Mr. Fox saw a diamond ring glittering on the finger of the young lady he was dragging, and he drew his sword, raised it, and brought it down upon the hand of the poor lady.
‘Madam,’ said the good King, ‘since you are a fairy, you know all that I wish. I have only one son, whom I love with all my heart, so that people generally name him Prince Darling. If you wish to do me a kindness, promise me to be a good friend to my boy.’
He was born with a little tuft of hair upon his head, which made them call him Riquet with the Tuft, for Riquet was the family name.
No man could travel alone through Sherwood Forest, without being stripped of his money.
So it was with the Tsar Archidei; he was rich and clever, besides being a handsome fellow; but he could not find a bride to his taste, a bride with wit and beauty equal to his own. And this was the cause of the Tsar Archidei's sorrow and distress.
‘Child,’ says the mother, ‘do you know you are as pretty as a princess?’ ‘Am I that?’ says the maid, and goes on with her crying.
Cinder-Maid shook the tree and the first nut that fell she took up and opened, and what do you think she saw?—a beautiful silk dress blue as the heavens, all embroidered with stars.
The unfortunate child had to go twice a day to draw water more than a mile and a half from the house, and bring home a pitcherful of it.
Wherever he came from, Bright Finist the Falcon of Flowery Feathers wheeled before her, sprang in through the window, struck the floor, and became a young man.
‘Your pearls and jewels, and your golden crown are not for me,’ answered the frog; ‘but if you would love me, and have me for your companion, then would I dive below the water and fetch you your golden ball again.’
The Frog, as soon as he had received the King’s daughter's promise, drew his head under the water and dived down, swam up again with the ball in his mouth, and threw it on the grass.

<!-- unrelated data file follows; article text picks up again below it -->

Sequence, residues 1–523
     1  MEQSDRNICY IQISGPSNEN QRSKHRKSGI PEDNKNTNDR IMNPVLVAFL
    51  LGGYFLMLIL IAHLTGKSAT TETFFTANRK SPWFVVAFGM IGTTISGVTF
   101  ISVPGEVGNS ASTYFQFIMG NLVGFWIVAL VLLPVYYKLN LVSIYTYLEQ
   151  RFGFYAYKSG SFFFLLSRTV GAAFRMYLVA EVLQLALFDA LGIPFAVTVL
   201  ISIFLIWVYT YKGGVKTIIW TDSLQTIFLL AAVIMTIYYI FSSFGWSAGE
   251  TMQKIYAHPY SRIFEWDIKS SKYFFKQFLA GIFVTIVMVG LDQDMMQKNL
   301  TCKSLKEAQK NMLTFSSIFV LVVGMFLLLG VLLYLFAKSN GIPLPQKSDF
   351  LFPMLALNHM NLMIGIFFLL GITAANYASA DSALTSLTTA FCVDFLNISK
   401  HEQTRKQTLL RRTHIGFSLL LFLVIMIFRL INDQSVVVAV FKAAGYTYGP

There sat some giants by the fire, and each had a roasted sheep in his hand. The little tailor looked round and thought, ‘There is more elbow-room here than in my workshop.’
The King had an only daughter who was so serious that no one could make her laugh; therefore he had given out that whoever should make her laugh should have her in marriage.
A rich, proud merchant, worth many, many thousands, came along in a gilded carriage. All the fellows at the market place, as soon as they perceived him, rushed away and hid themselves in the corners. Only one remained.
‘Perhaps I can help thee, if thou wilt promise to give me the first thing that rubs itself against thy leg when thou art at home again, and to bring it here in twelve years' time, thou shalt have as much money as thou wilt.’
The Fairy also taught him a magic song, ‘Come, cattle, come, all you cattle come to me,’ the melody of which was so enchanting that all cattle who heard it followed the singer.
‘How I wish I could understand the meaning of the different songs of all the birds! I would give half my wealth to the man who could make plain to me all the different songs of the different birds.’
The Tsar came and immediately the witch began to urge him: ‘Give your command, yes, give your command to kill the little Kid. He is a nuisance to me, he is entirely detestable to me!’
The poor little girl had all the cooking, cleaning, and serving to do for all seven brothers and all their seven wives as well.